Mt Toubkal 4,167m and High Atlas Mountains, Morocco Oct 2013
We were a very mixed and friendly group of 7; three men – me, Benno and Adam and 4 ladies, Lesley, Julie, Annabelle and Kay.
On arrival at Marrakesh Airport our old friend and team leader Stephen Pinfold with his local right hand man Ibraham Amzil were there to meet us.
A people carrier picked us up, from our hotel in Marrakesh; transporting us up to the start of our trek on the High Atlas Mountain range. Dropping us and our entire luggage off in what seemed the middle of nowhere.
Steve and Ibraham, instructed us to repack what’s needed for the 6 day trek.
The highlight of the Day was the discovery ,amongst the ‘necessary kit’ required for trekking over the Atlas Range of mountains, of a hairdryer and set of straighteners!
Our gear was to be transferred to the next mode of transport; Sherpas in the Himalayas- Porters in Africa and Mules in Morocco
The Mule is a multi-functional donkey/horse hybrid. They are strong, sure-footed and enjoy a ruggedness that has made them indispensable and fundamental to life in the Atlas Mountains.
In three days of trekking in the Atlas Mountains we came across only three other couples. Our trek started in Imlil Valley at a modest altitude of around 2,000m. The terrain at this altitude has a Mediterranean feel with dusty red earth thick with gnarled juniper bushes, wild mint and thyme. Continuing on we ascending over 3000m; witnessing many more amazing photo opportunities.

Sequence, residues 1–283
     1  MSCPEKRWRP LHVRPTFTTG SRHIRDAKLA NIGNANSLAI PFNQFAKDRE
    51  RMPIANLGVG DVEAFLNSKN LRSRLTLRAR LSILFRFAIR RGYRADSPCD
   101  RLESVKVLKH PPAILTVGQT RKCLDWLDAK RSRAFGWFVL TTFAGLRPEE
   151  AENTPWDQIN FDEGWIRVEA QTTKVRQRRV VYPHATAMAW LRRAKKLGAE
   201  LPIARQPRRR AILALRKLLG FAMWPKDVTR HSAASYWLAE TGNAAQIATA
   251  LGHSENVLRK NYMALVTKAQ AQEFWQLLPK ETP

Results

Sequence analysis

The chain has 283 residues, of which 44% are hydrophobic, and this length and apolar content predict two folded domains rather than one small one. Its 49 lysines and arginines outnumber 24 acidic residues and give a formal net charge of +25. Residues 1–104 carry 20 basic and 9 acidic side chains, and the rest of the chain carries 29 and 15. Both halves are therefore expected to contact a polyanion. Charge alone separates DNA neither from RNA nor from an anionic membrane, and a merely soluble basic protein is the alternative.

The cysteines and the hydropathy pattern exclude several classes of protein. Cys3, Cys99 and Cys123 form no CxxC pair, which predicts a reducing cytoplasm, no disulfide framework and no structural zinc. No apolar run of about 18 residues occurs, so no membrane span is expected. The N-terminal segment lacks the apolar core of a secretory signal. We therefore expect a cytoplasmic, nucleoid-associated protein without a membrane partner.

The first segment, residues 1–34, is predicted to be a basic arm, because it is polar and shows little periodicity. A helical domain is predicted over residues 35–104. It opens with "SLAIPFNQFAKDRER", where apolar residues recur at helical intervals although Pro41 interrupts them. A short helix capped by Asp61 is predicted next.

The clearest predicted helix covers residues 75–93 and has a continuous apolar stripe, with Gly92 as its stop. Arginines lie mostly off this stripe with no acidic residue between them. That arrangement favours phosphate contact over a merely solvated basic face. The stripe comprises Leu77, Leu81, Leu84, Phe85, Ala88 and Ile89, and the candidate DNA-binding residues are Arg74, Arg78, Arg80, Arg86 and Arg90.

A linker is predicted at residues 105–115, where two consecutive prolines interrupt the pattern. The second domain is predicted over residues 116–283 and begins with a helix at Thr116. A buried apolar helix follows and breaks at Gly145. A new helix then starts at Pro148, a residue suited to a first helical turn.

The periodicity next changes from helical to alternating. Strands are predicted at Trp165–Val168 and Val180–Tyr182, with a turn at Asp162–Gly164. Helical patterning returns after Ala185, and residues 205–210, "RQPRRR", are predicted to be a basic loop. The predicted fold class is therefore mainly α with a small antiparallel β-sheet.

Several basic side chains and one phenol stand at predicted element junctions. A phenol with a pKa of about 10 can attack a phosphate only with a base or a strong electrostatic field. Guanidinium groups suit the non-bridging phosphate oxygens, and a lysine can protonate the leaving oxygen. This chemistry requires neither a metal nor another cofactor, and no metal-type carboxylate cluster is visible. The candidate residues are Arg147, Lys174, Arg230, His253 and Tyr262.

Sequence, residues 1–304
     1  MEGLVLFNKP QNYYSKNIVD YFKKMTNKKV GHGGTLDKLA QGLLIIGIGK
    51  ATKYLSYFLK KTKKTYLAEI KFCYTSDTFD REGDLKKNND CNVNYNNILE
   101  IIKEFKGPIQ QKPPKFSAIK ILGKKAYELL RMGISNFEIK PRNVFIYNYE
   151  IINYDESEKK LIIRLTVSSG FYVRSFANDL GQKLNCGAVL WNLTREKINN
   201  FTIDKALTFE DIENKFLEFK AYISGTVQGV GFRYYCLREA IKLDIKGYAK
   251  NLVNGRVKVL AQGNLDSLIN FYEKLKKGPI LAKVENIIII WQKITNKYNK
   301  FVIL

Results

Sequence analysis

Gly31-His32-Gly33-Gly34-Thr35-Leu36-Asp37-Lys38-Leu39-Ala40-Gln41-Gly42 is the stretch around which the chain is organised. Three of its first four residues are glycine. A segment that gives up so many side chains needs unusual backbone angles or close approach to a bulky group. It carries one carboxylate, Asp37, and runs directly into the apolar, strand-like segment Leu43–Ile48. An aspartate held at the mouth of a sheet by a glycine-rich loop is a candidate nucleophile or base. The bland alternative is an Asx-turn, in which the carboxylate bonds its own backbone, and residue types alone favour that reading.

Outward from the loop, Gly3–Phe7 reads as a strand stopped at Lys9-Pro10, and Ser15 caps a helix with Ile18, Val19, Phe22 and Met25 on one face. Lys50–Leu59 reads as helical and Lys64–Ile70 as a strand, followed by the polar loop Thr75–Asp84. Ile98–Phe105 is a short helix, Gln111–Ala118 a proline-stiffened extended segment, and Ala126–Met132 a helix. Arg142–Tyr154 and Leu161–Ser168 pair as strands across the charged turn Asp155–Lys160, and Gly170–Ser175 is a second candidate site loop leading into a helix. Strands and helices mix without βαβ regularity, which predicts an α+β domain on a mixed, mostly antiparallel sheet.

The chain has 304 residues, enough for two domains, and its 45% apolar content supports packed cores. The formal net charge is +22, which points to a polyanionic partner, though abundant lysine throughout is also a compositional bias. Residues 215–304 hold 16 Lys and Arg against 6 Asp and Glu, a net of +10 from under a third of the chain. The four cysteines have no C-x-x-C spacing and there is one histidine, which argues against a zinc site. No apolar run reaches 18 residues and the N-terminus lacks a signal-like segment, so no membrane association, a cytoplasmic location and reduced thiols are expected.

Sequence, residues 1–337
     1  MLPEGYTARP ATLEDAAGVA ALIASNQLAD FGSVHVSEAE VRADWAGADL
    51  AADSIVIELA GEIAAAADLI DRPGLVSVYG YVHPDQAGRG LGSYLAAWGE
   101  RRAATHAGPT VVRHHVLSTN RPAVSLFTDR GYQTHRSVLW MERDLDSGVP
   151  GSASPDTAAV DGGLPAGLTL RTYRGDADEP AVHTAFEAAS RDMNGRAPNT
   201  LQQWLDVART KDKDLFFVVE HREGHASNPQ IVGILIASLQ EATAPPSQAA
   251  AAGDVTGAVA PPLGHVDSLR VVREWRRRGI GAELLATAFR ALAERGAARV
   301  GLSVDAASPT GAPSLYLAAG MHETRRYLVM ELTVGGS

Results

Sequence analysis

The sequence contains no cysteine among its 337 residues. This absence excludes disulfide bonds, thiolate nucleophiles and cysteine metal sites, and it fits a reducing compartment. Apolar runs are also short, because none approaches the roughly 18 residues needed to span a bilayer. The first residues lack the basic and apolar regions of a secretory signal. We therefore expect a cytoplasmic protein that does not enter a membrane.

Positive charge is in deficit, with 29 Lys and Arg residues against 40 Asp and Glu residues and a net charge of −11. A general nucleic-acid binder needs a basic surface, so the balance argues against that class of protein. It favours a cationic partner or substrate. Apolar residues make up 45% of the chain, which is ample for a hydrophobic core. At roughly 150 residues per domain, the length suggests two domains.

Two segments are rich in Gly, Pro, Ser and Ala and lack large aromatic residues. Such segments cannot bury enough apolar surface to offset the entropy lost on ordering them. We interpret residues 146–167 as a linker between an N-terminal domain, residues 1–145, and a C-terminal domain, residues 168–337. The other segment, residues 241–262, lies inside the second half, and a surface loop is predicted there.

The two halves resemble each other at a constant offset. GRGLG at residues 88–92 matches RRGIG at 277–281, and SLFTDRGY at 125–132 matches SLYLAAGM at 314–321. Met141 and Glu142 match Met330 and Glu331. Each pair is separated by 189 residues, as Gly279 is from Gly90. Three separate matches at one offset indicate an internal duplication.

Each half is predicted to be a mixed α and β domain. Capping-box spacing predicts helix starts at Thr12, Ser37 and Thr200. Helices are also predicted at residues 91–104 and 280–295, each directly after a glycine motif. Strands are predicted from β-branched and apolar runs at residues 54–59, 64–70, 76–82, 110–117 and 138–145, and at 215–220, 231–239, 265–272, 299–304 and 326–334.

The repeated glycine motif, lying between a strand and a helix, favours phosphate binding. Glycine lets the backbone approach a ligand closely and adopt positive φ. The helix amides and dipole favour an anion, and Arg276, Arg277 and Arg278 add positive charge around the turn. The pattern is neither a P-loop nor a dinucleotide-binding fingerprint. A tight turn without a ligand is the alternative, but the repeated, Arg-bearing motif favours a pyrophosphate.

After a long days trekking uphill we arrived at an Alpine style refuge (3207m) and stayed over night. Leaving the Refuge, our route zig-zags up the South Col, a long and fairly steep scree slope to the Tizi-n Toubkal pass (3950m)
After 3hrs of strenuous climbing the snow thins out and we reach the bare rocky ridge at last. Underfoot is slippery and the path edges alongside sheer cliff faces; as the path winds its’ way up we get our first proper sighting of the metal pyramid that marks the summit of Mt Toubkal.
From the roof of North Africa we looked out over the surrounding High Atlas Range to a panorama of craggy peaks, rows of rocky ridges interspersed with snowbound valleys opening themselves to us.
In contrast, southwards, stretched the Sahara Desert, an unforgiving land; you could see various hues of orange and yellow of its dunes.
This remarkable backdrop sparked my attention; I stored the vision for later consideration!